To address the integral need for action a “Youth Forum on Climate Justice: Copenhagen and Beyond” was hosted on Saturday afternoon. Three university students who were part of the Canadian Youth Delegations shared their experience of the Copenhagen Summit on Climate Change. They also reflected with the Elderberry participants on issues of “Global South and Global North,” the “Tar Sands and Indigenous Rights,” the “Economy and Environment,” and “Youth Want to be Heard.” Professor Stephen Bede Scharper acted as the MC for the event. The students’ efforts were much admired and seen as hopeful signs for the future. Youth have much to contribute to the challenges facing the world.

On Sunday Sr. Gail shared with us, via slides and anecdotes, the memorial service and burial of Thomas Berry at the Green Mountain Monastery. It was a moving experience for everyone. Berry’s life certainly teaches us that “the dream drives the action.”

The 2011 Elderberry Connection retreat will be held April 29 - May 1 at the Ignatius Jesuit Centre in Guelph. The presenter will be Mark Hathaway who with Leonardo Boff has written, The Tao of Liberation: Exploring the Ecology of Transformation.

Mark is an adult educator and an ecumenical-justice activist. He writes of the interconnections between ecology, economics, social justice, spirituality, and cosmology.

For more information check this Elderberry web site in the fall of 2010l.

About Gail Worcelo

In 1999, after 25 years as a Passionist nun and with her community’s blessing, Gail began the Green Mountain Monastery and the Fr. Berry Sanctuary with guidance from her mentor, Fr Thomas Berry. Her particular focus has been the refounding of religious life in light of new understandings of the universe story and the bringing forward of an Integral Christianity for the 21st Century.

She has presented workshops and spoken at gatherings such as: The national assembly of the Leadership Conference of Women Religious (LCWR), Sisters of Earth,Spiritual Directors International, Catholic Theological Union, the Sophia Center and internationally to many religious congregations. She is a writer, Liturgical Dancer and choreographer with degrees in clinical psychology and spirituality.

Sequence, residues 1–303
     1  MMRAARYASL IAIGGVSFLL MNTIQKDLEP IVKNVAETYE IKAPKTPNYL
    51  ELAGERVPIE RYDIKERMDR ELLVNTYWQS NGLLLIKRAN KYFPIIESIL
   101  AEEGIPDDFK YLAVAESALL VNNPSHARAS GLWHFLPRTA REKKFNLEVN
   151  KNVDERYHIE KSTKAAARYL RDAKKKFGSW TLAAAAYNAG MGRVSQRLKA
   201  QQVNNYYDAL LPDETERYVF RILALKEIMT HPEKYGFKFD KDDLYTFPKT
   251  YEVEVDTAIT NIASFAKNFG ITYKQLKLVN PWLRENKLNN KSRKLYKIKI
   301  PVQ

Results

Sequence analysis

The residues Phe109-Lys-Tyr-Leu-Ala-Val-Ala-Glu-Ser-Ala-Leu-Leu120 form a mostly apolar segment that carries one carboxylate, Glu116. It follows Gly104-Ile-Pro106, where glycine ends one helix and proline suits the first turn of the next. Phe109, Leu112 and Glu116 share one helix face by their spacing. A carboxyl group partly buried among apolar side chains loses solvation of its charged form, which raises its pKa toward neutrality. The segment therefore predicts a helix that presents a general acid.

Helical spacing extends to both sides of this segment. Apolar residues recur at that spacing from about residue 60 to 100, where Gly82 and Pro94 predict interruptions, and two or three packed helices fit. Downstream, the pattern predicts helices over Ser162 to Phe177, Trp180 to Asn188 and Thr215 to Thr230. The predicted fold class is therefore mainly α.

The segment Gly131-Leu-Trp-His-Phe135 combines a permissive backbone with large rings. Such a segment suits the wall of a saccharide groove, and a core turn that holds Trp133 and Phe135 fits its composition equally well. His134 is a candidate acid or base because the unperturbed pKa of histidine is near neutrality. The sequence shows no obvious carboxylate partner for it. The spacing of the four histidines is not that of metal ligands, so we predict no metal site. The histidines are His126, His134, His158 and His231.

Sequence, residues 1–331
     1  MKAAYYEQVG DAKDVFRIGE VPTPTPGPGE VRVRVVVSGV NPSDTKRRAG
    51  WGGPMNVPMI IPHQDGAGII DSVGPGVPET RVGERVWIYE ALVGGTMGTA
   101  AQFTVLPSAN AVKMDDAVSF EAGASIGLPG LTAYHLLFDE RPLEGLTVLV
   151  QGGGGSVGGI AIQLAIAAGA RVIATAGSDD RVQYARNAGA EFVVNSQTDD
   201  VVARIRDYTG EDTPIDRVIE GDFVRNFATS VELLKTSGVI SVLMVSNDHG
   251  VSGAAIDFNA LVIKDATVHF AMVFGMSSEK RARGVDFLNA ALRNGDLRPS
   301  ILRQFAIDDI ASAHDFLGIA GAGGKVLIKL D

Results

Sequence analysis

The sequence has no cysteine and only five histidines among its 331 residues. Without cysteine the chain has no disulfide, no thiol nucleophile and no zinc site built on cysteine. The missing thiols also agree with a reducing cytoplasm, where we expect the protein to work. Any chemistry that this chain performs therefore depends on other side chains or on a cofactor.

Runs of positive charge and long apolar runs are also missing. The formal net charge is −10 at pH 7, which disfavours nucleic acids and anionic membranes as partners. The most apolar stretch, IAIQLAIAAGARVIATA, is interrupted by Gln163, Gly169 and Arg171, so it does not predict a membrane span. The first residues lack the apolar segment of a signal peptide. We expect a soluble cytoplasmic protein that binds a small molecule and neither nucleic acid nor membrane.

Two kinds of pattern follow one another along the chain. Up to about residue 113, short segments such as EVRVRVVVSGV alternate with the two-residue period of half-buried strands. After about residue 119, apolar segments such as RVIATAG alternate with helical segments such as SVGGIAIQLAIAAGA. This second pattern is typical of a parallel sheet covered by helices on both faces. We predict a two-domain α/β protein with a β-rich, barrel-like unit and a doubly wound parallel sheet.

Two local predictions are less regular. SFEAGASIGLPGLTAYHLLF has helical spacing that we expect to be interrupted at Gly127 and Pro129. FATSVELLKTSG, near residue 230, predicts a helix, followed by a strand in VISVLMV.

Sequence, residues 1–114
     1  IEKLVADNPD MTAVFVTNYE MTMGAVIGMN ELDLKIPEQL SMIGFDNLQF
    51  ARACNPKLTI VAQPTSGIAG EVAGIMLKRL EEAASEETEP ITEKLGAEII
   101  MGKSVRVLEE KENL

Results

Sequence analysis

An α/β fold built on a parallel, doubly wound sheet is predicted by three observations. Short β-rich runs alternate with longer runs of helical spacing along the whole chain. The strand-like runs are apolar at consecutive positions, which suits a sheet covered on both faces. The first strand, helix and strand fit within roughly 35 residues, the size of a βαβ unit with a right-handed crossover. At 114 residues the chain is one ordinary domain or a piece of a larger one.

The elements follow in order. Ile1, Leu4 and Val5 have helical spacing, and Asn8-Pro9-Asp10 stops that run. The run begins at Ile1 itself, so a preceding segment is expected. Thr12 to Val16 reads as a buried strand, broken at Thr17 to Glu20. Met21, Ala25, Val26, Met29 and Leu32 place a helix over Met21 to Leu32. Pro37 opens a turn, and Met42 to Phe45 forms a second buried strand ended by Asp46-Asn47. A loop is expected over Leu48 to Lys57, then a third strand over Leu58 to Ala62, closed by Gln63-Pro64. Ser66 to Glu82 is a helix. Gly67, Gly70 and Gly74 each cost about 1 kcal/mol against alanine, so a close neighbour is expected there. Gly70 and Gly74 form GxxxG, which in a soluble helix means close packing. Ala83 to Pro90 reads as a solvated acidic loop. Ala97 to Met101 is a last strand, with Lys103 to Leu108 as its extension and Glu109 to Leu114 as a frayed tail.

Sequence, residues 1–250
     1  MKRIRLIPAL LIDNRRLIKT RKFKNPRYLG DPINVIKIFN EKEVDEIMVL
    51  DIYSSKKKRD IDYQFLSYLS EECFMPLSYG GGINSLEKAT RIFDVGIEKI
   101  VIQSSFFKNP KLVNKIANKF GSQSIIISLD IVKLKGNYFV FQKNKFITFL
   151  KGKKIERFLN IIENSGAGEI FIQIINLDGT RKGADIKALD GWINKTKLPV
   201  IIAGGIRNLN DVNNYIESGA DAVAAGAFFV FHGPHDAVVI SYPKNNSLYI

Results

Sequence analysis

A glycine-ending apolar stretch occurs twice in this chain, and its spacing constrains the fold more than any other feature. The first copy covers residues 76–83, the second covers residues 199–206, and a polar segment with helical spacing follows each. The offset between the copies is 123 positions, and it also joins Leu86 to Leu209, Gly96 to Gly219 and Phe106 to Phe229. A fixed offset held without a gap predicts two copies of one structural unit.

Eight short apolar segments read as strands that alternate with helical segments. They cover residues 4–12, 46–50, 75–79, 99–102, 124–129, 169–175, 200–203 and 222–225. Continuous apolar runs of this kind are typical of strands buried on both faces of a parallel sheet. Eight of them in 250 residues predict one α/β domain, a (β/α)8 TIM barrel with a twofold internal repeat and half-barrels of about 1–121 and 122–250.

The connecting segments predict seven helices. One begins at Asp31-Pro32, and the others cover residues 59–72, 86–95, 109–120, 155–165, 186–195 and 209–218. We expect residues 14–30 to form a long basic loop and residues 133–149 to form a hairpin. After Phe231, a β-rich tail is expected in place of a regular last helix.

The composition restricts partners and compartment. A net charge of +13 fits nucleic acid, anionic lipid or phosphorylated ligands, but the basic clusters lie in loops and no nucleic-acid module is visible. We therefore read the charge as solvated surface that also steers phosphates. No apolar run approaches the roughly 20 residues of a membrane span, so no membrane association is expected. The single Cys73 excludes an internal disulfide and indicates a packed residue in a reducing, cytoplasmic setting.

Gail invites participants to experience sitting in the "Ground of Being" and to reflect on what it would mean to bring that clear, clean, vast perspective out into the world individually and together. The weekend will include input, embodiment, contemplative time and experiential exercises.

Event Location
Loyola House -
Ignatius Jesuit Centre

Loyola House began its life as a Retreat House known as the Guelph Centre of Spirituality more than 40 years ago. Over the past few years, Loyola House has also opened its doors to conferences, retreats, special events, banquets and meetings for the profit and non-profit sectors. Hundreds of organizations find its tranquil setting, its beauty and its facilities to be a unique location for such events, quite unlike the more traditional hotels and conference centres.
See the Loyala House Website

Stations of the Cosmos at Loyola House


  1. Hi there,

    So I took the time to research this group and their founder Fr. Thomas Berry. It appears that this group has serious issues and Fr. Thomas Berry seems to be a pantheist.

    Are you posting these links as satire or are you saying that these have been traditional practices of the church?

  2. I would also like to share the following. This is a discussion of the problems of Fr. Matthew Fox (who was involved with Fr. Thomas Berry in forming this "Creation Spirituality").


    Worth noting here is that the Vatican condemned Fr. Fox's (ex-priest to be more accurate) teaching (mentioned in the link).

    P.S. I have no clue why you continue to post this sort of material since it could scandalize someone who does not have resources to find out more about this condemned spirituality.